Despite the inch of snow we got last night, and the chilly single digits registering on the thermometer, vegetable gardening is on my mind because Johnny’s Selected Seeds catalog just arrived. I’ve been buying seeds from Johnny’s since I started gardening, and I really love that place. It’s located in Maine, and they focus a lot of energy on finding and breeding crops for short season areas. Their thoughts are on the Northeast gardener, but most of their short season crops work equally well for those of us living in the inter-mountain West. While looking through their new catalog I’ve been thinking about what did the best here last year and what new varieties to try this year. Here’s my list:
The big surprise for us was getting cantaloupe and watermelon to ripen in pots! They were in a hoophouse, an unheated hoophouse, but we were still thrilled. We grew Minnesota Midget cantaloupe and Sugar Baby Watermelon. A raccoon took one of the three watermelon the plant produced, and that was sad, but the other two were delicious–small and sweet and crisp. The cantaloupes were also really tasty, and also really small! They were about the size of a softball, but the plant kept producing for quite a while.
This year we’re going to grow Minnesota Midget again (getting the seeds from Territorial Seeds because Johnny’s doesn’t have it) and we’re going to add Snow Leopard, a honeydew type that can produce ripe fruit 71 days from transplanting. As for watermelons, we will definitely grow Sugar Baby again, and try Little Baby Flower to compare. It’s a 70-day variety and a little smaller than Sugar Baby (earlier and smaller could work well here!)
We grew two different types of cucumbers in pots in the hoophouse. I planted some in the garden, too, and they did okay, but the deer ate the leaves! The deer eat more and more every year, so gardening in pots, where we can protect them, is becoming the best solution. One of the varieties we grew was the heirloom lemon cucumber. I feel sort of ridiculous admitting this, but I liked the lemon cucumbers. Why do I feel ridiculous? Because so many people I know have grown this cucumber for a long time, and tried to convince me to grow it, but I didn’t think I liked it. I tried one years ago that was overgrown with big seeds and I thought it was icky. If you pick these as soon as they get to the size of a lemon, they are delicious. The skin is bitter free and tender, no need to peal. I don’t know if they would make good pickles, but they are excellent in salads. We’re going to grow it every year from now on! I was wrong, friends, you were right, lemon cucumber is fantastic! You can even grow it in a hanging basket. We’ll also grow our favorite, Diva, a cucumber developed by Johnny’s and one of the best seedless cukes ever! Winner of the AAS award in 2002, nothing beats it.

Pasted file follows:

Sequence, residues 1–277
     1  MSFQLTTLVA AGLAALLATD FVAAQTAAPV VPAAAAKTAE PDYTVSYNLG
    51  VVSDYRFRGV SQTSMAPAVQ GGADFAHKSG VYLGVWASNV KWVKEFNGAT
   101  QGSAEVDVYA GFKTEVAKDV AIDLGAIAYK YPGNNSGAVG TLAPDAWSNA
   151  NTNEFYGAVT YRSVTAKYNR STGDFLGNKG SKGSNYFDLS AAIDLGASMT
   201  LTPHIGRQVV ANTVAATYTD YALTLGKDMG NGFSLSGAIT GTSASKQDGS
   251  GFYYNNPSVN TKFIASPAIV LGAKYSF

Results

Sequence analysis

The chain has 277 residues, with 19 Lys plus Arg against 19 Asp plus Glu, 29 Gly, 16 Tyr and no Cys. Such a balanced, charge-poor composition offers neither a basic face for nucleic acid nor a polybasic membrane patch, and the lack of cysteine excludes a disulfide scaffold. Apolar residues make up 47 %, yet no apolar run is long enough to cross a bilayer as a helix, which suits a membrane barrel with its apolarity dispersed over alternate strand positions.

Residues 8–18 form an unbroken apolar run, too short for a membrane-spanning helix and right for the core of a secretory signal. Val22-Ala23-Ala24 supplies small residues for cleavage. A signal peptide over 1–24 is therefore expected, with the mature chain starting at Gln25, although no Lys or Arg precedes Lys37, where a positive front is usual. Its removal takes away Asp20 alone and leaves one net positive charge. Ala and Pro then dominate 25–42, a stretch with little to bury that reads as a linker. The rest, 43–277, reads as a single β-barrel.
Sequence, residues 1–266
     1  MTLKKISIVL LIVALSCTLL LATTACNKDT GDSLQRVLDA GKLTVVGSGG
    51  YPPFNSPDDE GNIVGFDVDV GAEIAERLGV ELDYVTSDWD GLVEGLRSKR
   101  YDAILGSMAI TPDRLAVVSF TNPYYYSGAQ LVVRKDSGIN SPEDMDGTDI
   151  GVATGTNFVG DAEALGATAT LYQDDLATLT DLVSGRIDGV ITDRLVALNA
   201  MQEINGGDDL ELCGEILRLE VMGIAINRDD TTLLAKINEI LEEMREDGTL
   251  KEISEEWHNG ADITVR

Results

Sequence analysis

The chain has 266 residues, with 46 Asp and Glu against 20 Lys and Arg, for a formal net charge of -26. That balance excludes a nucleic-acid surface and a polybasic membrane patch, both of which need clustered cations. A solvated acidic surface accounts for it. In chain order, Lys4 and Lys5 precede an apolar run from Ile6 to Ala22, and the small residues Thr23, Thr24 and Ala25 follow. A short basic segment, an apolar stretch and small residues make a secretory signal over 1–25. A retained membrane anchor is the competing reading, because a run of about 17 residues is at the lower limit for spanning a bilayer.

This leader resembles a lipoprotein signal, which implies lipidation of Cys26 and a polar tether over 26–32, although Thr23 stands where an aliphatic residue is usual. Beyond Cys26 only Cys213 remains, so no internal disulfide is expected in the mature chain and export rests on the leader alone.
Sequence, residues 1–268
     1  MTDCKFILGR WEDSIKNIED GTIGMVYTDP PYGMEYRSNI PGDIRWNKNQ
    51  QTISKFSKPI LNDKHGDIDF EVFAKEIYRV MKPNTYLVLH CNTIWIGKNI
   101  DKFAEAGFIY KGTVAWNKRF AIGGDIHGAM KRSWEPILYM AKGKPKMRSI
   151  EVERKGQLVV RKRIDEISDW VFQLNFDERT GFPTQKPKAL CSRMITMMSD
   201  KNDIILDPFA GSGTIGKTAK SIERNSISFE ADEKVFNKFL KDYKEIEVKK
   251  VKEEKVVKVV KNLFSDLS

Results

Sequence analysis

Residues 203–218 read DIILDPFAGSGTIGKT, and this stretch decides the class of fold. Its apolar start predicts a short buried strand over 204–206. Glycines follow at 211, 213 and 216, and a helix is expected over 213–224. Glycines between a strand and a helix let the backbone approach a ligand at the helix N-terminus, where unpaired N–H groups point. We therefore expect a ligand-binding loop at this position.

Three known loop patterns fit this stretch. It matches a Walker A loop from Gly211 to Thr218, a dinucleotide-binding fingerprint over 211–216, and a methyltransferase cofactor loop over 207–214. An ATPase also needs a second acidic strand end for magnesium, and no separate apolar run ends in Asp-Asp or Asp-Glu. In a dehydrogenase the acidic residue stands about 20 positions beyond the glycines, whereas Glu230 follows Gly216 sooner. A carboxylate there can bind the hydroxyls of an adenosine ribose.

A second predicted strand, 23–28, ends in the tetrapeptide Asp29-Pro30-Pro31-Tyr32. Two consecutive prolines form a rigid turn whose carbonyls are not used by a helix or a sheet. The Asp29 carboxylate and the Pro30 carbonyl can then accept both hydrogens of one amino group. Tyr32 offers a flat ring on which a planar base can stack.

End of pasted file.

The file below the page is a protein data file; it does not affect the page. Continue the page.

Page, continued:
Getting the timing and quantity right on peppers is tricky. They take longer from seed to transplant than tomatoes. And this year we had way too many seedlings, more than we could sell, so we just let them stay in little pots and produce whatever they could. We had them in all sizes, from 2.5″ pots to 5 gallon-sized tubs. Everyone of the plants produced peppers. The tiny pots might have only had one pepper per pot, but still, it was an amazing sight, a hoophouse full of bell peppers and jalapenos and cayenne peppers! We had enough we couldn’t eat them all and froze some of them. We tried a new one this year, a bell pepper called Flavorburst, and it was amazing. It starts out lime green, and you can eat it at that stage, or wait until it turns yellow and finally orange. Sweet! And very productive. Here’s a picture of bell peppers in various shades, getting ready to go in the freezer.
Another pepper that we have grown the last few years, and that we will grow again, is Carmen, a variety bred by Johnny’s. It’s a sweet Italian frying pepper and it’s good fresh, roasted, grilled and fried. It’s just good, anyway you look at it! Early to produce and it keeps on sending peppers out until frost. You can pick it green or red, both stages are delicious.
I’m not sure what to do about hot peppers. It doesn’t seem like they’re as popular for the home gardener, and maybe that’s because we can all get bushels of chili peppers in Pueblo. I’ll still grow jalapenos, because I like having them here to pick through the summer, but I probably won’t grow cayenne or Anaheim.
Tomatoes. It’s so easy to get carried away growing tomatoes. I have to hold myself back or I’d have way too many! And tomatoes are available from so many seed companies these days, you can get lost looking at them. We love getting the really short season tomato seeds from Penn at Miss Penn’s Mountain Seeds in Westcliffe. I’m going to grow Sasha’s Altai and Northern Light from her this year, along with several others. Check out the tomato list here, she’s updating it right now! Miss Penn’s Mountain Seeds
I will always grow Sungold cherry tomatoes, they’re so sweet and prolific and they ripen early. I also really like Flint Yellow, a small, tasty Colorado heirloom. Flint Red is good, too, but needs a longer growing season–it’s better for Pueblo than Rye. I’m still looking for the best, earliest, most delicious red tomato. I really like sweet tomatoes, and that’s why I lean toward the yellow ones. They’re sweeter and less acidic, generally. Will I find a red tomato I like as much as Sungold or Flint Yellow? I’ll let you know!
This year we’re going to try to have more variety at the nursery, so instead of growing 16 flats of Sungold, we’re going to have more choices. If you want to send in your vote for a favorite tomato for us to grow, it’s not too late!
I’ll be back next week with The Garden Year in Review: Shrubs 2017! I’m hoping to cover all the categories before New Year’s Day!